The Los Altos School District has received approval from Santa Clara County to start bringing students back to campus this month.
The district applied for a waiver to resume in-person instruction for students in third grade and below, plus specific groups of elementary schoolers having the hardest time with distance learning. The county approved the waiver application Wednesday (Sept. 9).
Although the plan is to begin reopening campuses Sept. 21, students won’t return all at once. Kids will be brought back in waves, starting with those students particularly in need of support. The broader population of students in third grade and below will then be slowly phased in by grade level, starting with transitional kindergarten and kindergarten.
Superintendent Jeff Baier stressed that the district wants to move cautiously, lest it reopen too quickly and have to close right back down again. Baier said he’s seen examples of districts across the country facing coronavirus outbreaks after large groups of students return all at once.
“We don’t want that. We want to make sure that we’re doing this in a thoughtful way, where we can keep everyone healthy and safe,” Baier said. “We really want this to be a lasting opening.”
The district intends to start reopening Sept. 21, but Baier said that depends on having all of the necessary health and safety measures in place and having sufficient staff willing to return. He said he is confident the district will ultimately have sufficient staff to bring back all the students specified in its waiver application.
The district is able to begin reopening because of a waiver process the state created, which allows elementary schools to secure special permission from their local health department to bring students back.
Schools can’t reopen more broadly until their county is out of the state’s highest risk tier for 14 consecutive days. California is using a four-tier system for rating the risk level of the pandemic in each county.
Santa Clara County moved out of the highest level, dubbed the “purple,” or “widespread,” tier, Tuesday (Sept. 8) and into the “red,” or “substantial,” tier. If the county can stay there for two weeks, schools will be allowed to reopen across all grade levels.
By getting its waiver approved, LASD is now able to bring some students back, regardless of the county’s overall status.
Even as students begin returning to campus, families will still have the option to keep their kids fully remote. The district is offering a 100% virtual option for the duration of the school year. Every six weeks, families have the opportunity to switch their children between the two paths.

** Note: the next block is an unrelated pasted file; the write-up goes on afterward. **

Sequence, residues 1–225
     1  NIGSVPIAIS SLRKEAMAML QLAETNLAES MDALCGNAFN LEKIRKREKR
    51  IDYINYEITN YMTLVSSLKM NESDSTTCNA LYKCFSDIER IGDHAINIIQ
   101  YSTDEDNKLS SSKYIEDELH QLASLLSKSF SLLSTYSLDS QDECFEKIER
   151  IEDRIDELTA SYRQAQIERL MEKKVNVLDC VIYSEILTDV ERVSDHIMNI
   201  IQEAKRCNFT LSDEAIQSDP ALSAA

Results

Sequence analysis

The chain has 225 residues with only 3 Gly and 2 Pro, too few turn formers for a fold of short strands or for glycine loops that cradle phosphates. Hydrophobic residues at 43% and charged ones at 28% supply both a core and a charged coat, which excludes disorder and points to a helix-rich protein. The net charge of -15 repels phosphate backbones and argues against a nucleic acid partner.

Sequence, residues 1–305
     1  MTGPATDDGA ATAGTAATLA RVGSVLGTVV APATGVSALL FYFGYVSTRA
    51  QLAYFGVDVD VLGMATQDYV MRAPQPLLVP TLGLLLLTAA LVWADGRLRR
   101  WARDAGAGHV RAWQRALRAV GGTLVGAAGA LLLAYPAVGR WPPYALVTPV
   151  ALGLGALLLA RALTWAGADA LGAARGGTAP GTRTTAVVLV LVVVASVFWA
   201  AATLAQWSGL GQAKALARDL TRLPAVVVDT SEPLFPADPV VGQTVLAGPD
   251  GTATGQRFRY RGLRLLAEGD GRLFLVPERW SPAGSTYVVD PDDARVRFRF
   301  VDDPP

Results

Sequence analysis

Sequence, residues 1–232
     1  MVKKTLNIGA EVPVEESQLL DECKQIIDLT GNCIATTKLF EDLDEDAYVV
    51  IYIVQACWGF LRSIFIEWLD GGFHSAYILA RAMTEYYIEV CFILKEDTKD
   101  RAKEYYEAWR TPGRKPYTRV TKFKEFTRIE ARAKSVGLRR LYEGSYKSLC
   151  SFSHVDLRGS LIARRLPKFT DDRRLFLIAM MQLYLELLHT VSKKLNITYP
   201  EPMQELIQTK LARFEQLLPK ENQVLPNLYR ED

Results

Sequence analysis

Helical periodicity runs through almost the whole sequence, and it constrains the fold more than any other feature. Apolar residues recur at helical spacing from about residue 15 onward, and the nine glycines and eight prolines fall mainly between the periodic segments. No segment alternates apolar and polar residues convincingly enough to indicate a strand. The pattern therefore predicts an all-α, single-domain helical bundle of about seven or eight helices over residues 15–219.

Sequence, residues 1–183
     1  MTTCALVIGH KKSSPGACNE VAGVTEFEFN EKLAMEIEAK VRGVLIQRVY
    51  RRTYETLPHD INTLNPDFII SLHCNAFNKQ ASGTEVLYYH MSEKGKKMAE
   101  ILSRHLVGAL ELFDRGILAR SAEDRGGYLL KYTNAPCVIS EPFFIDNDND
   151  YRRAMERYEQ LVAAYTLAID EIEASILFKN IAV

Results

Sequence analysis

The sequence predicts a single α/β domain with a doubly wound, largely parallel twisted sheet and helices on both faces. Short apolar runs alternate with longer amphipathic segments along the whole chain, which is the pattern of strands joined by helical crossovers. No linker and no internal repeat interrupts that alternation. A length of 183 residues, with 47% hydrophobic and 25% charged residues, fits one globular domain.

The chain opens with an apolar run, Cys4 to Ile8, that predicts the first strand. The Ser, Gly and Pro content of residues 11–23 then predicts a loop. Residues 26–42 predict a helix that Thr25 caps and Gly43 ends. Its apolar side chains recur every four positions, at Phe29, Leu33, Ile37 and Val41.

A phased approach
The district hopes to bring back students enrolled in special day classes starting Sept. 21. Special day classes are self-contained classrooms for students in special-education programs for more than half the school day. Special day classes will likely initially resume on campus a few days a week, Baier said, with the potential to increase over time.
The district also plans to bring back students who need supervision and support while completing their online classes, though Baier said this may take longer to get up and running. These students include beginning English learners, low-income students and the children of essential workers. Their classes will continue to be online, but they will be able to come to campus and work on their schoolwork while being overseen by a teacher or other staff member. The goal is to offer this five days a week, though Baier said it depends on staffing being available.
The intent is to have transitional kindergartners and kindergartners return Oct. 12, then wait another three weeks before first-graders return, then another three weeks before second-graders come back and finally third-graders.
The grade-level groups will come back in an A/B cohort model, with students coming to campus two days a week and learning from home the remaining three. Group A will come Mondays and Tuesdays, while Group B will return Thursdays and Fridays. All students will be at home on Wednesdays. This hybrid model is how the district had been planning to start the school year, before the state announced in July limits on school reopenings.
With the announcement this week that Santa Clara County is no longer in the highest risk tier for COVID-19 comes the possibility that broader school reopenings could soon be possible. If the county can stay out of the “widespread” tier for 14 consecutive days, schools will no longer need waivers to reopen and all grade levels will be eligible to return.
Should that happen, Baier said the district would still likely move forward with a phased approach, bringing students back by grade level starting with the youngest learners. However, it would create the opportunity to eventually bring back older students.
“We don’t want to be caught in that situation where the doors swing open wide and we end up being one of those places that has to close down because we did it too fast,” Baier said.
At Monday’s (Sept. 14) LASD Board of Trustees meeting, Baier plans to ask the trustees for input on how to move forward if the county is able to stay out of the “widespread” tier. It may be possible, he said, to bring grade levels back in pairs rather than individually, and wait two weeks between groups rather than three.
“Our goal is to have kids back on campus and (be) teaching them in person,” Baier said. “But we have to be sure we’re doing this in a way that is safe for everybody involved.”
Correction: In an earlier version of this article, the date of the waiver approval was incorrect. The county approved the waiver Sept. 9.